As any venture capitalist worth his salt will tell you, there is a chasm of difference between the mostly grounded-in-reality financial forecasts offered by public companies, and the almost never do come true “rosy scenario” projections offered as a matter of course by emerging technology companies.
Correspondingly, while large public company CEOs and CFOs are judged as a matter of the highest honor on their ability to deliver on projections, exceedingly rare is the entrepreneurial executive that comes anywhere close to consistently matching their actual to forecasted results.
For a sense of the extent of how bad this problem is, a partner I know at a prominent venture capital firm estimates that of the 30+ companies that his firm has invested in since 2000, only two of them have consistently met or exceeded their financial projections.
And let me add that it isn’t like the inmates are running the asylum at my friend’s fund – as a prerequisite of having them as an investor, each of their portfolio company CEOs are required to undertake and report on a vigorous, quarterly budgeting and forecasting cycle.
And also let’s not assume that my friend just works for a lousy fund. Their companies’ astounding lack of consistent financial performance is pretty much par for the course for the emerging technology company space.
So what is going on?
Are the entrepreneurs just not ready for prime time? Are their managerial skill levels at many levels below their big company brethren?
I’ll say this – it is certainly not for lack of trying.
Most small technology company executives work longer hours than businesspeople have at any time in history.
If you doubt this, pick up Ron Chernow’s masterful biography of John Rockefeller.
In it, we read enviously of Mr. Rockefeller’s daily 9:15am visits to his barber, his afternoon naps, and his unwavering commitment to always leave the office each day, no matter the season, so he could be home before dark.
And it is not for a lack of education.
Modern entrepreneurs – with their always-on, “click of a button” best practice knowledge and connections base – are a better informed, and globally networked lot than at any time in history.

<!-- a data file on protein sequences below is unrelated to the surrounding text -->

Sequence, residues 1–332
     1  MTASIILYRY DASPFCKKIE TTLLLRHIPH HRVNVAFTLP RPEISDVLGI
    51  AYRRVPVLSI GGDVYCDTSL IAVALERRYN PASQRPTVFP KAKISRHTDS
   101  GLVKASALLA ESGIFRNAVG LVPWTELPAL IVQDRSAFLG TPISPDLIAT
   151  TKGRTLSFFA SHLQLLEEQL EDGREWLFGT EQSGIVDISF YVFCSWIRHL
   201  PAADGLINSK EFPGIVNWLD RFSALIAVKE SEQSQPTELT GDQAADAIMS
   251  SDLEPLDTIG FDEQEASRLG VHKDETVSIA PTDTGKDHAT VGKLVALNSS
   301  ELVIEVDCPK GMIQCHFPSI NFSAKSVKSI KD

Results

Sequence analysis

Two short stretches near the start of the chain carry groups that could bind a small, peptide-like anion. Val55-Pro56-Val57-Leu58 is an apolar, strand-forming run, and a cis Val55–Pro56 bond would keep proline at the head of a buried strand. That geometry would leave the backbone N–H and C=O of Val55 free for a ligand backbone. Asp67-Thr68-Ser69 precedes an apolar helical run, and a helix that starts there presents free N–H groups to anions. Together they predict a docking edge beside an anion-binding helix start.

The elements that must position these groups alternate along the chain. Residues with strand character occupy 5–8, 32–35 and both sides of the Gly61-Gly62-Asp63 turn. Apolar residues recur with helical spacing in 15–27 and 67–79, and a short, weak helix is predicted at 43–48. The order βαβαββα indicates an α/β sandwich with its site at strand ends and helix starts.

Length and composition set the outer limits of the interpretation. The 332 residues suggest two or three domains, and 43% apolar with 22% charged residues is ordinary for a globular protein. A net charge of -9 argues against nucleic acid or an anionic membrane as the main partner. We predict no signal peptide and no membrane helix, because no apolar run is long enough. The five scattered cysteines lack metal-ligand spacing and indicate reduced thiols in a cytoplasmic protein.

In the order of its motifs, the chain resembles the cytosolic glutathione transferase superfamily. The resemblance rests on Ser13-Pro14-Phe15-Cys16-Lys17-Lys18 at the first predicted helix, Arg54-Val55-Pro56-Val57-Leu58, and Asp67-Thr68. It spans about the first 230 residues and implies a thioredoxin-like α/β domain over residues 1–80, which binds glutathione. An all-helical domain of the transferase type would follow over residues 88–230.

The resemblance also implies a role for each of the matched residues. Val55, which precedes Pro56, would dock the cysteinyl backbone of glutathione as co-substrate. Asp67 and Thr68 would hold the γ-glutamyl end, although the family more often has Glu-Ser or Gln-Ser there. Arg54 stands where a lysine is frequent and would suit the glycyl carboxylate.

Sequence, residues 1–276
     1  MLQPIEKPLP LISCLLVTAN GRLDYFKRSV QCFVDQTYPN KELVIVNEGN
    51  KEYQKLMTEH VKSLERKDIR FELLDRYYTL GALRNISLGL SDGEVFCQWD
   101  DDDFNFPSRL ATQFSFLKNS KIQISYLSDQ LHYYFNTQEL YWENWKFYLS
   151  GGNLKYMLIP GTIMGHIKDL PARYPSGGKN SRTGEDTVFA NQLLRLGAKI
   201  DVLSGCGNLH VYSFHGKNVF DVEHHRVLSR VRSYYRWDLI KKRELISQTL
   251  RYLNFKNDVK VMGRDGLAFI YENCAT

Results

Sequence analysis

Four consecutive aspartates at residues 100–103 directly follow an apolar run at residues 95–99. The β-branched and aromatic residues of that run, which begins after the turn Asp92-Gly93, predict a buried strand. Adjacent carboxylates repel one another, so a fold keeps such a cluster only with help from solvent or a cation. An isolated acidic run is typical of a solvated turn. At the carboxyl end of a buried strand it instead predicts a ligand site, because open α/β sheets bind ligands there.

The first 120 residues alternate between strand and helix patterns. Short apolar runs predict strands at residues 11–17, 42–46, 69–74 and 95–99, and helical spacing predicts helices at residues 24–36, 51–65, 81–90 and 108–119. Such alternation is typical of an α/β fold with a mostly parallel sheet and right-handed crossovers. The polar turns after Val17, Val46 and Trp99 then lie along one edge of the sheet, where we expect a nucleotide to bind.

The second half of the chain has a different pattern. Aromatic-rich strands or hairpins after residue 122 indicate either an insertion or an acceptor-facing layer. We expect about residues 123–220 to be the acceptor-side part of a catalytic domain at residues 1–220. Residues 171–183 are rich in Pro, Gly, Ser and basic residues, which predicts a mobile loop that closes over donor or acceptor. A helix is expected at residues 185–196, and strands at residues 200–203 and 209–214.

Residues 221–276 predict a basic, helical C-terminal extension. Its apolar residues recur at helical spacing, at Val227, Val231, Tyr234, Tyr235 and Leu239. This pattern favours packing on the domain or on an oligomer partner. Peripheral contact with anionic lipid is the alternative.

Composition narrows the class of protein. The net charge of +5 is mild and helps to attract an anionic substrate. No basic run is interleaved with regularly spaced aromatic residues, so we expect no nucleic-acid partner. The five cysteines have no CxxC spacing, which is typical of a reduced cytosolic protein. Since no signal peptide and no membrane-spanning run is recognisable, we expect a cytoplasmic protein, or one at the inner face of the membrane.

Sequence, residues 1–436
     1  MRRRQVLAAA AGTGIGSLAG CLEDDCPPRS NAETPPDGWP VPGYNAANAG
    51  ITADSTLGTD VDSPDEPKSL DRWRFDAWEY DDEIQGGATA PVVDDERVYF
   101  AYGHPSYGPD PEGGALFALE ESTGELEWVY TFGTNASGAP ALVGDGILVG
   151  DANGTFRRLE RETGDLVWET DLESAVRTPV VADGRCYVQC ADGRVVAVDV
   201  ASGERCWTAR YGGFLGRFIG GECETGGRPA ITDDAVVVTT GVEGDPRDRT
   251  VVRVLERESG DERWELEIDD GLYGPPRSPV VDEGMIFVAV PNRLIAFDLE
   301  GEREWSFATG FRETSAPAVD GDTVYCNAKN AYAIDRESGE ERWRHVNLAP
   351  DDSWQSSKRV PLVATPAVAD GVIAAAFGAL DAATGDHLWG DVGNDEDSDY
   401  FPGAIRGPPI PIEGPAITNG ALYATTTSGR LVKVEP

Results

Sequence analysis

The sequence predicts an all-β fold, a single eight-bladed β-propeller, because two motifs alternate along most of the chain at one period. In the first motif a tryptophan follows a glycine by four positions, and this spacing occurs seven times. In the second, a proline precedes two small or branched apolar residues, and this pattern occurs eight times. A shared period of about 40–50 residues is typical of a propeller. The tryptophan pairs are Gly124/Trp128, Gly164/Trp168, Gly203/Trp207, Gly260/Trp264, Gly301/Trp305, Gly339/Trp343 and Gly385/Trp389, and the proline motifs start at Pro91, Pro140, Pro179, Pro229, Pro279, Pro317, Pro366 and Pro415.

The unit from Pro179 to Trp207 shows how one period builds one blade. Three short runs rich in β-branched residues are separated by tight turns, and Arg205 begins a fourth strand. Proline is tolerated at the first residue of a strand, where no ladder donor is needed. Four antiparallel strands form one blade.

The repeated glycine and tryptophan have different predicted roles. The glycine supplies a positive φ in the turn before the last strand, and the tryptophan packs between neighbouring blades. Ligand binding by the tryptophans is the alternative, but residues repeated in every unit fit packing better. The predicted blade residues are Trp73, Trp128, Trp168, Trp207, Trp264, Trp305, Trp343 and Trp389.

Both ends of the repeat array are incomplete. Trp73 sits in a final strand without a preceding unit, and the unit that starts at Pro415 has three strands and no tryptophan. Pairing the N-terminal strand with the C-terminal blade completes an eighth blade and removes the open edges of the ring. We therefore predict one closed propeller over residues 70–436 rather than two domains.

So if they aren’t the problem, is it modern business itself?
Has it just become – with all of its technological bells and whistles, all its globalization and pricing pressures, all of its consumer unpredictability and fickleness – just too unwieldy a beast for any small company to ever consistently ride?
And concurrently, has accurate financial forecasting become equivalent to throwing dice?
Or more disturbingly – is it not worth doing as even when they do turn out to be accurate, it just falls into the category of the blind mouse getting some cheese every now and then?
For better or for worse, modern business demands that we take a more “balanced scorecard” approach in judging managerial effectiveness and entrepreneurial progress.
Factors like intellectual property development speed, organizational design, and client satisfaction as measured by a companies’ net promoter score are proving to be just as important predictors of a companies value creation as is its forecasted-to-plan accuracy.
Please let me clear: On their own, these factors do NOT make a business valuable. Rather, the right matrix of them, properly prioritized, IS highly correlated with businesses that attain high profit exit and investment outcomes.
As an added bonus, these non-financial key performance indicators (KPIs) can be designed to be far more consistently predictable than traditional projections.
As such, they are usually far better measures of executive effectiveness than budgeting and forecasting “gap analysis.”
You just have to have the guts to forget about the numbers for a quarter or two.
Or, if you are really get good at defining, tracking, and accomplishing the right non-financial KPIs, to forget about them permanently as they will just take care of themselves.
Now wouldn’t that be nice.